Truth in advertising: “yardlong beans” are not actually a yard long. More like half a yard. Which is looooonnng! Plus they’re purple. And fun! Oh, yes, and tasty. We’ve become big fans.

We’re growing our yardlongs on arches made of cattle panels. The resulting tunnels are shady and inviting, and make it easier to harvest.

These beans are in the cowpea family rather than the green bean family, which explains why they grow so well in the dead of summer. The large blossoms are highly attractive to bumblebees and many other beneficial pollinators.


The key is knowing how to cook them. With most vegetables, the big no-no is overcooking. Yardlongs (and eggplant) are the exception to the rule. An undercooked yard long bean (or eggplant) tastes, well, undercooked, rather than fresh. Flavorful, chewy and dense, yardlongs pair well with spicy, salty and slightly sweet sauces. You can chop up the beans and cook them alone or with other veggies, or cook them whole and wrap a handful of them into pretzel shapes for a striking presentation.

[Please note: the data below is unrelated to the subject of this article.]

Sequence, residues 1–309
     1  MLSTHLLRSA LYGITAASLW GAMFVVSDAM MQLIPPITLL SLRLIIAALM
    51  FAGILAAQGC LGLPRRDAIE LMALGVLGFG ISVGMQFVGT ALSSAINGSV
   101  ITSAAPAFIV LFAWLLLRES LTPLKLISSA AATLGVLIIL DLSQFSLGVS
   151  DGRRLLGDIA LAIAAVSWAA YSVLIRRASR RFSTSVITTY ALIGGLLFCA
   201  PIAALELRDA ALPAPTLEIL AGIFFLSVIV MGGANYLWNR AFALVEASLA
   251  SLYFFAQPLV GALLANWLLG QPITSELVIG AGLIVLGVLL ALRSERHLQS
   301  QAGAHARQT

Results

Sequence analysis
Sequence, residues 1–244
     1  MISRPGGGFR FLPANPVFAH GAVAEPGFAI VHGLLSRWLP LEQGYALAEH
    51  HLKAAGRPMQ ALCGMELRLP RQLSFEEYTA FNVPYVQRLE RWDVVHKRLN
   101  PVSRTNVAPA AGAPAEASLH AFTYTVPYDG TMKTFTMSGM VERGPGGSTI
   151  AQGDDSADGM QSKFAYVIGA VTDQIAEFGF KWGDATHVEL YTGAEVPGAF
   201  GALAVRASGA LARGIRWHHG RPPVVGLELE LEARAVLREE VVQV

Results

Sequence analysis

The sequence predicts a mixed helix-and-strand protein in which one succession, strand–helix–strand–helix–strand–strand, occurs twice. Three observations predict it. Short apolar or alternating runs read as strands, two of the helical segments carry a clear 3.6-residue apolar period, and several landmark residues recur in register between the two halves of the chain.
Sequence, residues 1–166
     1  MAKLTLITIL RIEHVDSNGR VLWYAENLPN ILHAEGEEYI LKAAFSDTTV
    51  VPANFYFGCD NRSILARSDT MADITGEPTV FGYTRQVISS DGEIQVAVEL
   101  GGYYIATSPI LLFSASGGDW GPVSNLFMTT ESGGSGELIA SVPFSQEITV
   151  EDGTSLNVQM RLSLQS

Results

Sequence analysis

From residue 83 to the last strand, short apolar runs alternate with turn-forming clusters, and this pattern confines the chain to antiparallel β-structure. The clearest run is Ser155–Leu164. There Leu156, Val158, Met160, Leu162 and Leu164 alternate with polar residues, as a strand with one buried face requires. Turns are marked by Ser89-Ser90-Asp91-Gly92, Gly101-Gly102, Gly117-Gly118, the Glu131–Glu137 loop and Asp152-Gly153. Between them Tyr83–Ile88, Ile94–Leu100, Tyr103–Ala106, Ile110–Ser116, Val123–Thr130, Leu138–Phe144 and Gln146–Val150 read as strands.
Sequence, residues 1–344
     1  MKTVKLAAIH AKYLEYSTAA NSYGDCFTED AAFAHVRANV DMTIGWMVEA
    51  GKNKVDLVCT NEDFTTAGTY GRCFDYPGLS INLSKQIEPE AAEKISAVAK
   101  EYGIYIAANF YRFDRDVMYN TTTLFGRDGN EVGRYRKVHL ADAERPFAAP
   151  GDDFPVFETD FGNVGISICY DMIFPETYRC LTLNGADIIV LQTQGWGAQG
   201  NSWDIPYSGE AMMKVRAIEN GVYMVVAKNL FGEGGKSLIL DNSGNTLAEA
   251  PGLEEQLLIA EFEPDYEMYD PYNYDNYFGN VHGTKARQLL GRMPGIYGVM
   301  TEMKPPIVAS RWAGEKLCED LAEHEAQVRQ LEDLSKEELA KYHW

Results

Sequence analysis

Their length makes prep a snap; wash, snip off the bud end, chop and cook. Please note that the long strands will be limp and slightly wrinkled even when they’re fresh. Try pairing them with eggs, in stir fries with some Thai roasted chile paste, or stewed with tomatoes. Lia’s favorite way to cook yardlong beans is a simple stir-fry; some oil, lots of garlic and/or ginger, then yard long beans and fairly high heat until they are well-cooked and slightly blackened. JoBeth offers a recipe below.

Yard Long Beans with Sweet Potatoes & Coconut Milk
1 pound yard-long beans, cut into 2-inch slices
1/4 pound sweet potatoes, cut into 1/2 segment
1 T curry powder
1 tsp. turmeric powder
2 tsp. cooking oil
1-inch piece galangal or ginger, crushed & sliced
1 tsp. shrimp paste
1/2 C coconut milk
3/4 C water
1 tsp. brown sugar
1/2 tsp salt

Heat the oil in a saucepan over medium heat. Add curry powder, galangal/ginger, and turmeric to pot and stir. Add sweet potatoes and allow to slightly brown. Add shrimp paste.
Add the beans and cook another 2 minutes until the beans are lightly browned.
Add the coconut milk, water, sugar and salt to pot and let liquid simmer for 20 minutes until beans and squash are tender but not mushy. Serve warm.